Is higher ed ready for 2020? Meet the experts. John Hudzik, Michigan State University
JOHN HUDZIK is a Professor, Michigan State University and NAFSA Senior Scholar for Internationalization. He was MSU Dean and Vice President of International Programs and Global Engagement 1995 to 2010, and Acting University Provost in 2005. He is a past President and Board Chair of NAFSA as well as past President of the Association of International Education Administrators, and a Fulbright Senior Scholar to Australia. He serves on numerous policy boards and publishes frequently on an array of internationalization topics, including Comprehensive Internationalization. He is a frequent speaker at global conferences and a consultant on strategic institutional planning for internationalization. He is recipient of several national and international awards for his work in internationalization, including from EAIE, AIEA, and IEAA, and also recipient of awards for his research on judicial systems. He is chair of CHEI Scientific Committee, at Università Cattolica, Milan. He is also a member of the strategic internationalization grants review committee for STINT in Sweden.
What is the future of higher ed?
It is popular among some in the interest of generating headlines to say that globalization is weakening or coming to an end, and that support for higher education internationalization is diminishing. Globalization is not going away, although perhaps morphing and maturing. The need for higher education international engagement to benefit all students, staff and communities will increase, not decrease. Recent survey and anecdotal data do not suggest rapidly declining funding trends for internationalization. Some key trends shape these viewpoints.
Global Higher Education Capacity
Global higher education spaces in number and quality are growing rapidly; most growth is outside Europe, N. American and the Antipides—Expanding from about 100m seats globally in 2000 to 350m plus by 2030. Massification of higher education participation fueled by global growth in the middle class is a primary factor. Higher education supply/ demand imbalances in some countries and regions, and a growing middle class able to support student mobility will triple those moving cross borders for higher education to as many as 16 million students annually. Models of mobility (short, long, internships, and not-for-credit) will proliferate to meet a more diverse set of mobile students. With increased global high education quality, traditional mobility routes favoring Europe and N. America will diversify. Bottom line: global competition will increase for student and faculty mobility based on cost, convenience, quality and access to cutting-edge opportunity. Internationalization of the curriculum at home will grow in importance to provide access to global learning for all.
Global Research Capacity
High quality cutting edge research will likewise grow and spread globally, already challenging, if not breaking the somewhat near monopoly hold of Europe and North America on cutting-edge knowledge production. Asian research capacity as a proportion of global research will surpass both Europe and the U.S. in a very few years, and Africa and Latin America-based research will expand. A proliferation of sources and support for knowledge creation will encourage formation of cross border research and other forms of inter- institutional partnerships to access cutting-edge ideas on a global scale and to enter the global pathways of cutting edge knowledge.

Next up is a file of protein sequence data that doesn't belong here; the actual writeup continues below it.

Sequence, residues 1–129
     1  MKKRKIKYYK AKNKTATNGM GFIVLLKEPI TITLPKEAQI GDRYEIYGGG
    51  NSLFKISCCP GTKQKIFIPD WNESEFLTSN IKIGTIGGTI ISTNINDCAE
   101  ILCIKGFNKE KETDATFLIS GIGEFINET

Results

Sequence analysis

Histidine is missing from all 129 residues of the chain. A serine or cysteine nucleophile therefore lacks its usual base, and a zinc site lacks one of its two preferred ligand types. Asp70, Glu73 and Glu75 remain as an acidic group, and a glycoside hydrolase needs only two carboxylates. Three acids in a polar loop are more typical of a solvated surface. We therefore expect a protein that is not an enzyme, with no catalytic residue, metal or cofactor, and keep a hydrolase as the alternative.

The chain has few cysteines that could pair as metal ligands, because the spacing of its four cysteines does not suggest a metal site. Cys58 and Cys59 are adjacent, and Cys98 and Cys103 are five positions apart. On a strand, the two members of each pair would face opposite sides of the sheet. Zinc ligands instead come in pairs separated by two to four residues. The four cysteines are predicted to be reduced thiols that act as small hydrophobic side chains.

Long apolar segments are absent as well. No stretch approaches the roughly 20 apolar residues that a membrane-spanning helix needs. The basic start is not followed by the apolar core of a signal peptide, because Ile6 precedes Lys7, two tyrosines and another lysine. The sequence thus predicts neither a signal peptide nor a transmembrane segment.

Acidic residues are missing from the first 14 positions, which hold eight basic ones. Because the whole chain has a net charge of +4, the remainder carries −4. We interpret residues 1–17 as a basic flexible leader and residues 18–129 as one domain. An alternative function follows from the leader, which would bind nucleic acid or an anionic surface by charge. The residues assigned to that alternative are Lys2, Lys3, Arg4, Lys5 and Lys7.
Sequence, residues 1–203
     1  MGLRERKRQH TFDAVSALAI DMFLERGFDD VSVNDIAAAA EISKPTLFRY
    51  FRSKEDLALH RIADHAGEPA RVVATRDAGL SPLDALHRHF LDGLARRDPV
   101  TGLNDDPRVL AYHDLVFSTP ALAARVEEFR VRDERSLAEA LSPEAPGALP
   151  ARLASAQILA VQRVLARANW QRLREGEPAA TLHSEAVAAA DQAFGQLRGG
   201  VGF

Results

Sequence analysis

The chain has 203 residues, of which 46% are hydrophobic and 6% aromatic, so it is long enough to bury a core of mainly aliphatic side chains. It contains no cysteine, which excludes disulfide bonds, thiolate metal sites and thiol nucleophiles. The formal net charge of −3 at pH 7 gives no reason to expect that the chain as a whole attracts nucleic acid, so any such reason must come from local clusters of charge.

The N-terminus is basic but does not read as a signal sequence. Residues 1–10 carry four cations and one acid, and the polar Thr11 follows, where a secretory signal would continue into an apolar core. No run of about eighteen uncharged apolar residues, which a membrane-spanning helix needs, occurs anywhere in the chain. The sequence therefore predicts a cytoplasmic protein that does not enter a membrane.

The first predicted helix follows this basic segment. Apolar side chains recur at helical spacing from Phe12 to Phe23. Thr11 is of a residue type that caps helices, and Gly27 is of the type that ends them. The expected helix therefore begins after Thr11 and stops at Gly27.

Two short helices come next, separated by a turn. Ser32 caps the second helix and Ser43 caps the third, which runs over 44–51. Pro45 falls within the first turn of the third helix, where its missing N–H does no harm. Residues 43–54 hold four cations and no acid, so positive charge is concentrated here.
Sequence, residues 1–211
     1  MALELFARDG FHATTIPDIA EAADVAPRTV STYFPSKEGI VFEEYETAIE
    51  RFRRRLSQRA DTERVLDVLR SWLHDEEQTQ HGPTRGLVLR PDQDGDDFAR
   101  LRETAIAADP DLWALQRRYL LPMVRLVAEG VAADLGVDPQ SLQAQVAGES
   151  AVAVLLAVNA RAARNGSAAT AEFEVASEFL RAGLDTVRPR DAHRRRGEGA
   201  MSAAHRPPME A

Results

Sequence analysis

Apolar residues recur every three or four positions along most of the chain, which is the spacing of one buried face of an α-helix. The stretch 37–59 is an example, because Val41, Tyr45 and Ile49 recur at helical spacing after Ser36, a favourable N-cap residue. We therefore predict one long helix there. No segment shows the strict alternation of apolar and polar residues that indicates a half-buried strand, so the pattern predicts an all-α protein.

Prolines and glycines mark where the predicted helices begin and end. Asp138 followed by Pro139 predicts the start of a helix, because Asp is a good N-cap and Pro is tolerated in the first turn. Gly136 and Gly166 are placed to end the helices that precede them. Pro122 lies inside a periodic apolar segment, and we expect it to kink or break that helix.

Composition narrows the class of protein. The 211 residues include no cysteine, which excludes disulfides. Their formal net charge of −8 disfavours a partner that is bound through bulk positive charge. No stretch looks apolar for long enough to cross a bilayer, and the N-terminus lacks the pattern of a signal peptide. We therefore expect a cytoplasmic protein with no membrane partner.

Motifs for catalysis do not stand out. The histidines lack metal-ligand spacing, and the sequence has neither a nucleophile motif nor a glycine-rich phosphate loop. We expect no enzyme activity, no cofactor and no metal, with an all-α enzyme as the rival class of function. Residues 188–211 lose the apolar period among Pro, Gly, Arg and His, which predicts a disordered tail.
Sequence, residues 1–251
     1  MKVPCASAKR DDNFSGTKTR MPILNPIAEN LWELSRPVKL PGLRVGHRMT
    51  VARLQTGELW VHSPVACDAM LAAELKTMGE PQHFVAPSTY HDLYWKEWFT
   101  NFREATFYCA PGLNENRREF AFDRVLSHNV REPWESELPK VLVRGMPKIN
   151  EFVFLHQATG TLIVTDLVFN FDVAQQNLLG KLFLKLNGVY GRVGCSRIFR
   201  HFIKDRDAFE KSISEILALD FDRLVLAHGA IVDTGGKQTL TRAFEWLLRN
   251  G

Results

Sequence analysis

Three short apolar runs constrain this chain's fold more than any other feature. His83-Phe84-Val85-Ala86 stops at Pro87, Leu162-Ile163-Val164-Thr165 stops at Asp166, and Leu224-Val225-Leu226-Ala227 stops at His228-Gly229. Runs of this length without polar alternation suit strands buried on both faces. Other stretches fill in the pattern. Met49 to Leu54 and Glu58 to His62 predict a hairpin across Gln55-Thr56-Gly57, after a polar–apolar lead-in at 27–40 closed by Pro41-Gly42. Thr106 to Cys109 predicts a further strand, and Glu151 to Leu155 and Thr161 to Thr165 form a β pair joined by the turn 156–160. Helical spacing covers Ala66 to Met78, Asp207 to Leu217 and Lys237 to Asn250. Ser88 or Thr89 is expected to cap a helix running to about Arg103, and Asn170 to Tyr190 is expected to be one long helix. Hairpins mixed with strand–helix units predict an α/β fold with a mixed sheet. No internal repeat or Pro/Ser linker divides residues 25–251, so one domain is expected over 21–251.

The global spread of ideas, funding and talent will continue to push the globalization of both societal challenges and opportunities when it comes to labour markets, economic development, dealing with infectious diseases, environmental protection and peace and justice—to name a few. The WWWeb and ease in travel and unfettered flow of ideas are major factors. Multi-national-corporation dominance shaping the priorities and impact of globalization will have to be softened to address opportunities for all segments of societies. Pressure will increase everywhere to advance institutional internationalization in teaching/learning, research/ scholarship, and community engagement/problem solving to help avoid the marginalization of large segments of society on a global playing field. Globalization is not going away; it will change In terms of who wields power, makes the rules of global engagement, and who benefits from it. Communicable disease will not stop at borders, sources of global conflict and injustice will not stop at borders, economic challenges and opportunities will continue to evolve within a global net.
Widening Beneficiaries of Globalization. (Civic engagement and internationalization)
A kind of internationalization version 2 will be needed to widen the beneficiaries of global engagement and lesson the burdens on those negatively affected by it. Higher education will have to play a more visible and effective role to help their communities engage globalization in ways beneficial to all, not just elites. Higher education internationalization of teach/learning, research/scholarship and community engagement will grow in importance if students are to be globally competitive, faculty and institutions to be relevant, and communities to benefit from continuing globalization.